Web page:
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This page is intended for participating students who are nominated by their departments. McGill Science undergraduates who are interested in participating in the Undergraduate Research Conference should talk to their research project supervisor or to departmental staff. 

  • Maximum poster size is 3.5 feet wide x 4 feet tall. You will share an easel with another student. Please respect your neighbour by not exceeding this size.
    • If your poster is already printed, and is larger than this size, please contact victor [dot] chisholm [at] mcgill [dot] ca.
  • It is recommended that your sheets be mounted or printed on poster paper. However, you may bring individual sheets and post these to the easel.
  • Title may be "proper" or catchy.
  • The top of the poster should indicate the title, first and last name of author(s), and your program (e.g., B.Sc. Chemistry). You should acknowledge your supervisor and anyone else who contributed to the research.
  • Use LARGE font.
    • Hint: Print a scaled-down copy of your poster onto one sheet of regular paper, 8.5 x 11". If everything is still legible, then the sizes are likely good on the full-size poster. As well, you will now have a useful one-page handout: when you are preparing your poster, you can circulate this to your peers for their comments; on the day of the conference, you can give copies to visitors, if you so wish.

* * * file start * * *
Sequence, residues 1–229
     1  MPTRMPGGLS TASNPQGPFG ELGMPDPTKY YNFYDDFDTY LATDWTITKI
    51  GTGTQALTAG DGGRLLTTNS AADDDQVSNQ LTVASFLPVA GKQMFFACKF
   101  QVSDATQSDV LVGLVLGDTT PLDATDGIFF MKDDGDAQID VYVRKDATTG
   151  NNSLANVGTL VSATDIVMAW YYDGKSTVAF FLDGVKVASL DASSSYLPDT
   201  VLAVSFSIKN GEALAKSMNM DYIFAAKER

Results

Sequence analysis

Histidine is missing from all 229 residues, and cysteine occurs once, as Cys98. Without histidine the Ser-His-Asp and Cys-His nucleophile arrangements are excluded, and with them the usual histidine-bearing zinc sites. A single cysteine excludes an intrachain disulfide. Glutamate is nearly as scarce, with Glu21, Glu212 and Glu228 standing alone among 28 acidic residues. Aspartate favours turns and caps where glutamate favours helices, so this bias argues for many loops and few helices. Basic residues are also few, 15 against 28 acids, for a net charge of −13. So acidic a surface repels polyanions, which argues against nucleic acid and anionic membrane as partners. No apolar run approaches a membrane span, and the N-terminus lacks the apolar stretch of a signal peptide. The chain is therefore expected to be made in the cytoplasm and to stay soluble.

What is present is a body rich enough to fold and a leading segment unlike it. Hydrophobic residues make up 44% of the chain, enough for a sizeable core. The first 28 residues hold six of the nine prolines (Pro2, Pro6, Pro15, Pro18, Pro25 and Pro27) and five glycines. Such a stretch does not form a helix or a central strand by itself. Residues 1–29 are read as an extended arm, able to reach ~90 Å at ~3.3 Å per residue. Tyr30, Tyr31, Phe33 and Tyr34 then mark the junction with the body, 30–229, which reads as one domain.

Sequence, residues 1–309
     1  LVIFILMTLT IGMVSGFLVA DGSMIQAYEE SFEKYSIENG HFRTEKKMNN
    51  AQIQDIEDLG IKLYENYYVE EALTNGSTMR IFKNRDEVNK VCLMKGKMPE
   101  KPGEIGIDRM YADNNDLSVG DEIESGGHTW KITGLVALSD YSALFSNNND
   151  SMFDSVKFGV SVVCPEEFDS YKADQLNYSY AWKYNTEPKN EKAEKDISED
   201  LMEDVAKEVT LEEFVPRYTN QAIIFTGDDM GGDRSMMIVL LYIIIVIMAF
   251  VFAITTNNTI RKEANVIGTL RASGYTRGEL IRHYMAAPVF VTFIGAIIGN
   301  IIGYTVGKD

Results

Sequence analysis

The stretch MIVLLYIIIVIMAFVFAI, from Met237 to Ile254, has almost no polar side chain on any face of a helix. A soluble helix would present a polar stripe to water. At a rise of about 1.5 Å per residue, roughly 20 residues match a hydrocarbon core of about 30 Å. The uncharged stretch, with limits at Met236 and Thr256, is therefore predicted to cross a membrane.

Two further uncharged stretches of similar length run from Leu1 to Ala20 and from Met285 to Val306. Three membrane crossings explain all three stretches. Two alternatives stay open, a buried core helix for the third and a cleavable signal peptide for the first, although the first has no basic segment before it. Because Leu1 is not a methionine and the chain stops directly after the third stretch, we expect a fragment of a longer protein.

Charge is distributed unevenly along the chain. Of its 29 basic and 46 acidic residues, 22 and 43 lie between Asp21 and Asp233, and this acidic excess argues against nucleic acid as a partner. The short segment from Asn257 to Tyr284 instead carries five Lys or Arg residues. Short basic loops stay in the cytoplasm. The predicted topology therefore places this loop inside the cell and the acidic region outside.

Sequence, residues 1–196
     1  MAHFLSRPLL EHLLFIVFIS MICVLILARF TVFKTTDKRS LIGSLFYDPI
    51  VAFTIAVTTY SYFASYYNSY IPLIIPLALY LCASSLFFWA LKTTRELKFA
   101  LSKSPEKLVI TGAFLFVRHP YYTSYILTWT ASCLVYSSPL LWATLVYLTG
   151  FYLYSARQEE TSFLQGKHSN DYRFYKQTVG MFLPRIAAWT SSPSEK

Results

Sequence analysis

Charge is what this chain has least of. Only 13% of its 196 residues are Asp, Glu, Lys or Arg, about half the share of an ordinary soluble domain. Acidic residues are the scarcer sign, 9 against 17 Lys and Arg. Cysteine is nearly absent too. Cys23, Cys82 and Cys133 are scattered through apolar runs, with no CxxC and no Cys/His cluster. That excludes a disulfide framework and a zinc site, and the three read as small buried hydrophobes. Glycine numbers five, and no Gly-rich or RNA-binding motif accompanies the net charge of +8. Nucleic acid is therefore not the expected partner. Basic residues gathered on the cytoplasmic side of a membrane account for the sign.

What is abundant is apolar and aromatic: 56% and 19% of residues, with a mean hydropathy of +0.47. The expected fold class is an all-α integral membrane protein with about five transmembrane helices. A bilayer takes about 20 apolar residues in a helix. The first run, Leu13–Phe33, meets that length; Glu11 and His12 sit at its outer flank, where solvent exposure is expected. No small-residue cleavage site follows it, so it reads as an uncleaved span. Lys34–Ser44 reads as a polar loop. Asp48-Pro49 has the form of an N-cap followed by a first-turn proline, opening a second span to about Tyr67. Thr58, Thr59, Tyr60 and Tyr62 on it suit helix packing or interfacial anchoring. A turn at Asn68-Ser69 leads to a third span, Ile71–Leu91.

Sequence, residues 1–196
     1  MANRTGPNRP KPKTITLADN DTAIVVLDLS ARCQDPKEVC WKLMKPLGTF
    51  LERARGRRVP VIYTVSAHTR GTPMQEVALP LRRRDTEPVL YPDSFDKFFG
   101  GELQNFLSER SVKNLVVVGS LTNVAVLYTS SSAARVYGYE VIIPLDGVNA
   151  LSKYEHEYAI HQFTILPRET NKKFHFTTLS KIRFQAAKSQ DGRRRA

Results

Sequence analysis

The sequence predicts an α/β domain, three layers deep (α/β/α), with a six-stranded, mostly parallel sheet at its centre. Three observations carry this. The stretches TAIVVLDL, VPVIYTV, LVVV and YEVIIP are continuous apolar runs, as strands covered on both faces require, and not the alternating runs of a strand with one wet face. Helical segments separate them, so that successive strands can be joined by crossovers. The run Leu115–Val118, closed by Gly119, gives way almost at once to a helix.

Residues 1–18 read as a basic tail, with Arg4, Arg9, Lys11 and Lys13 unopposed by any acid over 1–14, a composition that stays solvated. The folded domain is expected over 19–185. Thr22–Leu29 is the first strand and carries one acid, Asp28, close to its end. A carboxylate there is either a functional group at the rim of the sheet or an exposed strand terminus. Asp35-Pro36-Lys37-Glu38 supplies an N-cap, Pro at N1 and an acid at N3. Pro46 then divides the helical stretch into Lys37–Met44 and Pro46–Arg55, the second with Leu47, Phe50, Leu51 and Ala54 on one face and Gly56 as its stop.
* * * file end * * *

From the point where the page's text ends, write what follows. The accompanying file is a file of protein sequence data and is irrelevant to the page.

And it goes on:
• Consider using graphs rather than tables.
  • Present small, easily-digested bites of information rather than lengthy narrative.
  • Numbered or bulleted lists can be a concise and effective way to convey a series of points.
  • Pushpins / thumbtacks will be provided. No tape or staples.

How to organize your poster

Here are three possible structures; these are only suggestions. Something else may be more appropriate for you. If you have questions about how to best present your work, please contact your department or your research project supervisor.

Before you put an abstract on your poster, ask yourself: doesn't the rest of the poster convey that information already?

Experimental lab workSome computer science projectsTheoretical research
  • Title
  • Introduction and hypotheses
  • Method
  • Results and discussion
  • (Summary and) general conclusion
  • References / literature cited (smaller font ok)
  • Acknowledgments (and disclosures)
  • Title
  • Problem and Motivation
  • Challenges and Goals
  • Solution Overview (often with an overview of the architecture of a software system)
  • Experiences and Experimental Results (if there are any)
  • Conclusions and Future Work
  • Title
  • Statement of the problem
  • Main theorems and lemmas
  • Proof outline

Other resources about posters

There are many online resources for preparing a poster. Here are two:

As well, your labmates, fellow students, other peers, and supervisor may be very helpful!